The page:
Three ARHU Faculty Members Named Graduate Faculty Mentors of the Year
May 24, 2021 School of Theatre, Dance, and Performance Studies | Linguistics | American Studies
Melissa Blanco Borelli of the School of Theatre, Dance, and Performance Studies, Naomi Feldman of the Department of Linguistics and Nancy Raquel Mirabal of the Department of American Studies are recognized.
By ARHU Staff
Associate Professor in Dance and Performance Studies Melissa Blanco Borelli, Associate Professor of Linguistics Naomi Feldman and Associate Professor of American Studies Nancy Raquel Mirabal were selected to receive Graduate Faculty Mentor of the Year Awards, given by the Graduate School. The award recognizes faculty members who have made exceptional contributions to a student’s (or students’) graduate experience.
Blanco Borelli, an expert in Blackness in Latin America, dance history and theory and popular dance on screen, said she sees graduate students as “potential future colleagues” and people she wants to develop “critical friendships with.”
“So, it becomes important for me to engage with them as co-conspirators in the process of discovering ideas, processes and theories,” she said. “I love building community with them and I especially enjoy witnessing how their thinking and selfhood grows.”
She added, “Graduate School is not easy for so many reasons, so I see part of my role as easing their journey and offering an ear or a word that provides intellectual stimulation alongside space to breathe and be themselves.”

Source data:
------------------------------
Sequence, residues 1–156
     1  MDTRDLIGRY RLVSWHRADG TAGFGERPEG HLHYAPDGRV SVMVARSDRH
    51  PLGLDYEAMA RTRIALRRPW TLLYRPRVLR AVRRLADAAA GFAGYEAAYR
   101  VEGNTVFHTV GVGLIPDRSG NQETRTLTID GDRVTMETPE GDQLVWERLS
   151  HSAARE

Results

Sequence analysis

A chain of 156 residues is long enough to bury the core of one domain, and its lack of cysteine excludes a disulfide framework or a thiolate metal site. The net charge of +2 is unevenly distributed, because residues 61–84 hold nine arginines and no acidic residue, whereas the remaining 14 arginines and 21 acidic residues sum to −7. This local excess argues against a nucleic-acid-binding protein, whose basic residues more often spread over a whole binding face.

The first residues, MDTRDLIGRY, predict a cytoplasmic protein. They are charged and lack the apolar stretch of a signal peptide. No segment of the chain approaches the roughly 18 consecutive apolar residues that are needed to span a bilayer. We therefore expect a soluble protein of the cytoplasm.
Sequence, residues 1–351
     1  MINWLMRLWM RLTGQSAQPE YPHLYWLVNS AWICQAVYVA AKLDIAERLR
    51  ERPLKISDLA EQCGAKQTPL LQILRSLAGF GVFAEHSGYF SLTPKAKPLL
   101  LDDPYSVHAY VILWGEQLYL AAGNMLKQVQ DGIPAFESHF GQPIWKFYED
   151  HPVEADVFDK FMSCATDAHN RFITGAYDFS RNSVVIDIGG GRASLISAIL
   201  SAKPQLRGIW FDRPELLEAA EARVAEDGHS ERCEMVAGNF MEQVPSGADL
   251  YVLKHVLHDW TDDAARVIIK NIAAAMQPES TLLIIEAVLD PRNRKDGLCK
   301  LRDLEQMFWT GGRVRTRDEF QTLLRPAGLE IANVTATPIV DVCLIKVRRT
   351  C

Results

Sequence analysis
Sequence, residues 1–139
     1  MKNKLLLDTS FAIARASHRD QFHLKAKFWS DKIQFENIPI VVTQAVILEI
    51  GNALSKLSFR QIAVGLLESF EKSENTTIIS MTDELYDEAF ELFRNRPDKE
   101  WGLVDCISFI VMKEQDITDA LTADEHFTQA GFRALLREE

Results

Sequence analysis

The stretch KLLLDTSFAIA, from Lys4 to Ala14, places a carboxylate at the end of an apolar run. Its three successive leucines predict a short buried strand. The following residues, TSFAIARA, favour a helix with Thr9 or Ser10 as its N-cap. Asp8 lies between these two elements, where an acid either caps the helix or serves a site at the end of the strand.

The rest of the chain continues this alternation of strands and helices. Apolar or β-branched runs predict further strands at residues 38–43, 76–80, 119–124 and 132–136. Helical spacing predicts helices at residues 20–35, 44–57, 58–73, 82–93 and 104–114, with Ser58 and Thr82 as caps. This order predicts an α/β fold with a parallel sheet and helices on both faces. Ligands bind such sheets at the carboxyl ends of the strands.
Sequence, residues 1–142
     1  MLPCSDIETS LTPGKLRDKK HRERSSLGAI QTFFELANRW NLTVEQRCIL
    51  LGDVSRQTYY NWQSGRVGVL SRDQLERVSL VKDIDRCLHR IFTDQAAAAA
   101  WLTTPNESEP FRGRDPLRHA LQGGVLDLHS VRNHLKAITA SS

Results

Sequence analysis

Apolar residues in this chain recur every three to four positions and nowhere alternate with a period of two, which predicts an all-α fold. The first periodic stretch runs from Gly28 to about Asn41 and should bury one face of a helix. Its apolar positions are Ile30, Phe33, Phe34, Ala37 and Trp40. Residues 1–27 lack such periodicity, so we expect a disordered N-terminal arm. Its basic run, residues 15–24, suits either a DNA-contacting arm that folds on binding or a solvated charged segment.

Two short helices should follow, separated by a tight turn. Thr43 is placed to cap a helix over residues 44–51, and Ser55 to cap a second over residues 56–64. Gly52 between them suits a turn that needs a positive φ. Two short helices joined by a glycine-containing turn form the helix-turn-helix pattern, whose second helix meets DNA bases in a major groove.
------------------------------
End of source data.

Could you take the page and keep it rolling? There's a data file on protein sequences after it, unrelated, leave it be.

Feldman, who is also affiliated with UMD’s Institute for Advanced Computer Studies and has a focus in computational psycholinguistics, said she enjoys training students who didn't previously have a computational background to do computational modeling and pushing students to synthesize ideas across multiple disciplines.
“Training graduate students is the best way to change the field,” she said. “There's nothing more powerful than a motivated graduate student. I've been lucky to work with incredibly talented students, and have been really impressed with their creativity and depth, and how agile they are at integrating new ideas into their research.”
Mirabal, whose research areas include Afro-diasporic and Latinx studies, called mentoring graduate students an invaluable part of her work as a professor. She is especially committed to mentoring students of color, who continue to be underrepresented in academia.
“It is critical to assist our students with navigating the profession, supporting their goals and letting them know they belong,” she said. “The greatest gift is witnessing emerging scholars find their voice and realize their potential as thinkers, researchers and writers. I am in awe of their brilliance and innovation.”
Blanco Borelli, Feldman and Mirabal will each receive an honorarium of $1,000 to support mentoring activities.
This year, 155 graduate students nominated 22 faculty for the Graduate Faculty Mentor of the Year Award. A campus-wide selection committee, comprising graduate faculty and graduate students, evaluated the nominations and named 10 faculty members as awardees.
Photos courtesy of the awardees.